: Gestalt Theory

Melinda Haley

Gestalt theory has a rich and varied history. While Fritz Peris is generally credited with being the foremost practitioner of Gestalt counseling and psychotherapy (Bloom, 2009), his method was influenced by the Gestalt psychologists who preceded him, such as Max Wertheimer, Wolfgang Kohler, and Kurt Koffka (Benjafield, 2008). These psychologists laid the psychological groundwork for Perls's application of Gestaltism to counseling and psychotherapy (Stoehr, 2009). The difference between Gestalt psychology and Gestalt therapy is that the former is concerned with perception and cognition, whereas the latter focuses on personality, psychopathology, and psychotherapy (Henle, 1978). The word Gestalt is a German term used to define a unique patterning in which the parts are integrated into the perceptual whole (Engelmann, 2008). There are three parts to the definition of a Gestalt, "a thing, its context or environment, and the relationship between them" (Kelly & Howie, 2007, p. 137), and the term "connotes the structural entity which is both different from and much more than the sum of its parts" (Clarkson, 2004, p. 1).


Frederick (Fritz) Peris

Friedrich Saloman Peris was born in 1893, the middle child and only son of middle-class Jewish parents in Berlin. He later anglicized his name, becoming Frederick, although most people called him Fritz (Thompson & Rudolph, 2000). Peris received a medical degree in 1920 after a brief stint as a medical corpsman during World War I. He found his war experience brutal in military authoritarianism and racial prejudice. These experiences influenced his humanitarianism but also left him with a deep cynicism about human nature (Seligman & Reichenberg, 2009). His early training in psychoanalysis took place in Austria and Germany, and he became associated with neurologist Kurt Goldstein (Clarkson, 2004). While working as Goldstein's assistant at Frankfurt's Institute for Brain Injured Soldiers in 1926, Peris became interested in the transforming of Gestalt psychology into Gestalt therapy (Peris, 1969b).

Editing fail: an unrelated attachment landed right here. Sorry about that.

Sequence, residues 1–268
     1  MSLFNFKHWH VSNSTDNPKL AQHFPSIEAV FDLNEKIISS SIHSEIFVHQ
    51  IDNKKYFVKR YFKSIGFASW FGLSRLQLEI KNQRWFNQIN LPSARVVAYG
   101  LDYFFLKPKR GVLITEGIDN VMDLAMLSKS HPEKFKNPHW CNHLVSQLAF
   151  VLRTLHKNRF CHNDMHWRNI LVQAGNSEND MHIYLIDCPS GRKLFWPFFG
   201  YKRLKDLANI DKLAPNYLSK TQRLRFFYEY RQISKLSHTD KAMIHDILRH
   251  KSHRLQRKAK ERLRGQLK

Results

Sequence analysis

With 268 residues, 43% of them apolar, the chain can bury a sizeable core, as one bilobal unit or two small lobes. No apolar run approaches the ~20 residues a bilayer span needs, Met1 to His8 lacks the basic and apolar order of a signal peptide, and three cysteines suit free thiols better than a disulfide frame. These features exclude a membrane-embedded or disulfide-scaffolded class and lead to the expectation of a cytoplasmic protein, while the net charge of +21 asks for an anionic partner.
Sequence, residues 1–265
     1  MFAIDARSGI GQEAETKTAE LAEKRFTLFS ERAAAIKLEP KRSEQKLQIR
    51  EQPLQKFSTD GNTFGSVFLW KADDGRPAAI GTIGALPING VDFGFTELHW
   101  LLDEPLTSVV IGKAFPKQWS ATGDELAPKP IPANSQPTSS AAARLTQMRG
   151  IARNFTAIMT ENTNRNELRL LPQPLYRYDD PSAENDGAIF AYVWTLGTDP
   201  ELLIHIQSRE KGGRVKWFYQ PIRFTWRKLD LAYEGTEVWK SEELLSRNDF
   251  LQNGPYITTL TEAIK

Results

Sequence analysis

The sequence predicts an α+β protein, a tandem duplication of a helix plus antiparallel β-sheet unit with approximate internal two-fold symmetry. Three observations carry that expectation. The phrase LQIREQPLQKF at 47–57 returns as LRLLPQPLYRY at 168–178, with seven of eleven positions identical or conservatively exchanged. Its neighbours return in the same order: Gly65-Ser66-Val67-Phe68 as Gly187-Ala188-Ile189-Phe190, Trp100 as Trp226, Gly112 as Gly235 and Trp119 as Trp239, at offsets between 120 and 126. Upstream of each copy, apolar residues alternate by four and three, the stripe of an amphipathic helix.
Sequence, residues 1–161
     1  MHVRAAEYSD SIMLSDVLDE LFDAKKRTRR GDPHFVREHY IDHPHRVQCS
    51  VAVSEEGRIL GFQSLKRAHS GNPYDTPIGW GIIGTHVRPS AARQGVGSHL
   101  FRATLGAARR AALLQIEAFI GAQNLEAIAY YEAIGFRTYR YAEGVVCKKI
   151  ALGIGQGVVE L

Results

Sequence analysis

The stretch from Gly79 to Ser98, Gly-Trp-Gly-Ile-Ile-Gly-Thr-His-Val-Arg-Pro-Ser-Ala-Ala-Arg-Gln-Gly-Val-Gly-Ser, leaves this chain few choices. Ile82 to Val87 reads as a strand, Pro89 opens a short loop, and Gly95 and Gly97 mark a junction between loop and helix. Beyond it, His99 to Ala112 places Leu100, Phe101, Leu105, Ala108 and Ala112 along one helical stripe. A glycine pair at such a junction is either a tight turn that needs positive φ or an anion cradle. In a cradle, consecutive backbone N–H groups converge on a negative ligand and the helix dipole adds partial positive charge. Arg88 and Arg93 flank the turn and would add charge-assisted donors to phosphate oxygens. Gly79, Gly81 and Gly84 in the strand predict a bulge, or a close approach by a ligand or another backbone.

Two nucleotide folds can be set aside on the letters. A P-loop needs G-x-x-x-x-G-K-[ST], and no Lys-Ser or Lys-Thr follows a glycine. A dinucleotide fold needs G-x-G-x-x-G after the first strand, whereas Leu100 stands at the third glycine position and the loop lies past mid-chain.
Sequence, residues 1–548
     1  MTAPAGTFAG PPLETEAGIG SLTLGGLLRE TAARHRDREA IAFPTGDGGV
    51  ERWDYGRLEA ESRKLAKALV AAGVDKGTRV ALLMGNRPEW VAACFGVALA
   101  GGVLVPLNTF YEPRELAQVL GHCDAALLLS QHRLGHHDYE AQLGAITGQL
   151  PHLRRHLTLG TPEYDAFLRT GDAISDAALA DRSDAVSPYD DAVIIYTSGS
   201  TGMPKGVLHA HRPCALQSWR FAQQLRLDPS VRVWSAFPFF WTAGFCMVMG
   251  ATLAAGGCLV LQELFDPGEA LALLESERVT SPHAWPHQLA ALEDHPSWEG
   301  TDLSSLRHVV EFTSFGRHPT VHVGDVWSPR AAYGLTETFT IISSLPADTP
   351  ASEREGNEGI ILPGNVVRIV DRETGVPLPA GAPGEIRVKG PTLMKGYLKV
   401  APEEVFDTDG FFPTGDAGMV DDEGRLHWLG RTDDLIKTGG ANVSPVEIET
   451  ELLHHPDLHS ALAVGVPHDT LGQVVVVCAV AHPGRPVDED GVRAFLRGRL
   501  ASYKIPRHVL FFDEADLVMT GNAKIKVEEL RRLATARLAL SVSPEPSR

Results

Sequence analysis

When Hitler came to power, Peris and his new wife Lore (Laura) relocated to Johannesburg, South Africa (Stoehr, 2009), where they became the first psychologists in that area (Wheeler, 2004). In 1946, Peris immigrated to the United States, and in 1951 he cowrote Gestalt Therapy: Excitement and Growth in the Human Personality/ (Peris, Hefferline, & Goodman, 1951). Following the favorable reception of this text, he established several Gestalt institutes throughout the country, the first in New York in 1952. His work at the Esalen Institute in California established him as a prominent practitioner of Gestalt counseling and psychotherapy.

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